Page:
AWS Lambda function has the capability to establish peering connections between Virtual Private Clouds (VPCs). This feature allows Lambda functions to access resources in different VPCs. However, if not configured properly, it can lead to a potential security risk, as it could enable unauthorized access to resources across different VPCs. Cross peering connectivity should be avoided unless explicitly required by the application architecture, and only authorized IAM roles should be granted permission to establish such connections.
The remediation steps to ensure that cross peering connectivity is not allowed by Lambda are as follows:
- Open the Lambda function in the AWS Management Console.
- Click on the "Configuration" tab and then select "VPC".
- Identify the VPC and subnets associated with the Lambda function.
- Click on the VPC ID to open the VPC in the VPC Dashboard.
- Select the "Peering Connections" option from the left-hand menu.
- Check if there are any VPC peering connections listed.
- If there are any peering connections, review the configuration of each and determine if they should be removed or modified.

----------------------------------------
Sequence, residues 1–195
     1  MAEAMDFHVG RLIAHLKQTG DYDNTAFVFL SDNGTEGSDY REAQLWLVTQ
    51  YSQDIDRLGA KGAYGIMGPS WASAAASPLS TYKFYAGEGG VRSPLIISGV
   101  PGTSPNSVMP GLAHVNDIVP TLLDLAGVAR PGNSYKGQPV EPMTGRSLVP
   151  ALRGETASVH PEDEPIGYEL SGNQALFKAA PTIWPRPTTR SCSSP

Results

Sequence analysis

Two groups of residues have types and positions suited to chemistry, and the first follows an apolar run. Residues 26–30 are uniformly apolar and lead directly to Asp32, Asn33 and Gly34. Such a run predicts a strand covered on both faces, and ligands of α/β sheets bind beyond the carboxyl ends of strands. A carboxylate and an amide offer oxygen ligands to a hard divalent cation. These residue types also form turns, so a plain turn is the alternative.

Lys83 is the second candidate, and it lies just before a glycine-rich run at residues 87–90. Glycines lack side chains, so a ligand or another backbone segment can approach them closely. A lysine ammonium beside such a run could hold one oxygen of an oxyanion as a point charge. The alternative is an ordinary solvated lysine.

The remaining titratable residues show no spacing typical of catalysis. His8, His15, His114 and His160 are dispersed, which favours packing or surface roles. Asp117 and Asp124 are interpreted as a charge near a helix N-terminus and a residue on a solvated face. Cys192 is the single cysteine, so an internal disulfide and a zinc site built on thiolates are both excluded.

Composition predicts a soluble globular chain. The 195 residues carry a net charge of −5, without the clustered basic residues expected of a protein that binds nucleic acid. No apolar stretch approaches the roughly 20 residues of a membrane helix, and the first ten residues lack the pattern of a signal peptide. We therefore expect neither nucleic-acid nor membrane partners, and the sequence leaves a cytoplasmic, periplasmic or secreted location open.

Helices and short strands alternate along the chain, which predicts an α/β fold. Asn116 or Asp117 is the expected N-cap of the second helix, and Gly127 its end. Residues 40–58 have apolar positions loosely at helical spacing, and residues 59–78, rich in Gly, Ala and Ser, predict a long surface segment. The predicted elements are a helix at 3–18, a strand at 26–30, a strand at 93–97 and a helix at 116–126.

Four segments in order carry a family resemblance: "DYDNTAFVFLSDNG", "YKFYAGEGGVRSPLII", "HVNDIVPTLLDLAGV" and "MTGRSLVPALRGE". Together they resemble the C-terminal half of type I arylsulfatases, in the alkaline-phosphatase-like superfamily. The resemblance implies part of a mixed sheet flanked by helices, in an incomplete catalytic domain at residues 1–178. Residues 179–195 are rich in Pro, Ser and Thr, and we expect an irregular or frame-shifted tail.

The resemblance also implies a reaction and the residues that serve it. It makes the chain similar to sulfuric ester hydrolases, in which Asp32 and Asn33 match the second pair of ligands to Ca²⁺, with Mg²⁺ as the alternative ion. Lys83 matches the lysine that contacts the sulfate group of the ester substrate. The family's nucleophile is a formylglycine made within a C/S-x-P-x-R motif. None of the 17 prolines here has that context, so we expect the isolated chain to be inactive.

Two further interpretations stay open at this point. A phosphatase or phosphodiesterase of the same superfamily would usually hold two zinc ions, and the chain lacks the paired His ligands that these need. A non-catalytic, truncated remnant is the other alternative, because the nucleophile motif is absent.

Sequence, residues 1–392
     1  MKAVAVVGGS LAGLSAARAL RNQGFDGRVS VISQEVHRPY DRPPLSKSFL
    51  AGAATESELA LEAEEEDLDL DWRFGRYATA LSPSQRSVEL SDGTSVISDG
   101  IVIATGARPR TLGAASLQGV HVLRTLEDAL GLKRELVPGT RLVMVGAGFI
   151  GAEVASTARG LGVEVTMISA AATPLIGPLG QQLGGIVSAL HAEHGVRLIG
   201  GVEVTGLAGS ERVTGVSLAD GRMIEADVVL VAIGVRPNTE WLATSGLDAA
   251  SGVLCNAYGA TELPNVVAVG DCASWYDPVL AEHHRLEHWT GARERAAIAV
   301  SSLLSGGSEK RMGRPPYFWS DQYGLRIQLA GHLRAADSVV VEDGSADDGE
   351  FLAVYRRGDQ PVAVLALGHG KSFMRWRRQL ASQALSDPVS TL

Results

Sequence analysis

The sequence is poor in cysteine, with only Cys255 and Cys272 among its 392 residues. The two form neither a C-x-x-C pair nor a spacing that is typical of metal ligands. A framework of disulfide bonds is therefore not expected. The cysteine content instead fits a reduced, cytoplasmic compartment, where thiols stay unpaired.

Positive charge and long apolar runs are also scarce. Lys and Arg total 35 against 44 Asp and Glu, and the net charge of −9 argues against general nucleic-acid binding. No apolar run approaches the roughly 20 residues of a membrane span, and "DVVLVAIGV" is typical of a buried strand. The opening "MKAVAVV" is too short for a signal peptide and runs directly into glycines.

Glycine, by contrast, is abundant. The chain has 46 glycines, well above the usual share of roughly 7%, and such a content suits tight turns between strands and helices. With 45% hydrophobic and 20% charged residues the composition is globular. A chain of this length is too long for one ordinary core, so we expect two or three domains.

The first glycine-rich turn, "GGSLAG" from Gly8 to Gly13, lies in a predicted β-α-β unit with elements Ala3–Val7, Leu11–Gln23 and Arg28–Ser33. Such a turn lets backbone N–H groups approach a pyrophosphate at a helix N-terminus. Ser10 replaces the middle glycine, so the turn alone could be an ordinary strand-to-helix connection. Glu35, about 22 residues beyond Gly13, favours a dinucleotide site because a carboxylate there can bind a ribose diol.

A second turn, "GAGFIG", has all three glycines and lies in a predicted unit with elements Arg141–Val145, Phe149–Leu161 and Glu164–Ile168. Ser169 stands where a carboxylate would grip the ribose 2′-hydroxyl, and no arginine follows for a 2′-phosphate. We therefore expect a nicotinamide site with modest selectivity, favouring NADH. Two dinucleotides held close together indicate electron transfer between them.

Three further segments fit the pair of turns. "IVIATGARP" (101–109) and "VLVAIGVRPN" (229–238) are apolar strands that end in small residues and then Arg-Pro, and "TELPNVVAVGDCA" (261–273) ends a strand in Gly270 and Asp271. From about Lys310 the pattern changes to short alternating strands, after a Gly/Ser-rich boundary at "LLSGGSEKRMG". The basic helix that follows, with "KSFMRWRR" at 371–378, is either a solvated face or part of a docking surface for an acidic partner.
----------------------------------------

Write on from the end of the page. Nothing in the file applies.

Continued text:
- If necessary, remove the peering connections or modify their configuration to restrict connectivity to only the necessary resources.
- Test the function to confirm that it is no longer able to communicate with resources in other VPCs via peering connections.
- Repeat this process for all Lambda functions in the account that are associated with VPCs.
- Regularly monitor the VPC peering connections to ensure that no new connections are established without proper authorization and review.
- Implement a governance process to enforce this policy and ensure that all future Lambda functions are deployed with the appropriate VPC and security group configurations.
Note: Remediation steps provided by Lightlytics are meant to be suggestions and guidelines only. It is crucial to thoroughly verify and test any remediation steps before applying them to production environments. Each organization's infrastructure and security needs may differ, and blindly applying suggested remediation steps without proper testing could potentially cause unforeseen issues or vulnerabilities. Therefore, it is strongly recommended that you validate and customize any remediation steps to meet your organization's specific requirements and ensure that they align with your security policies and best practices.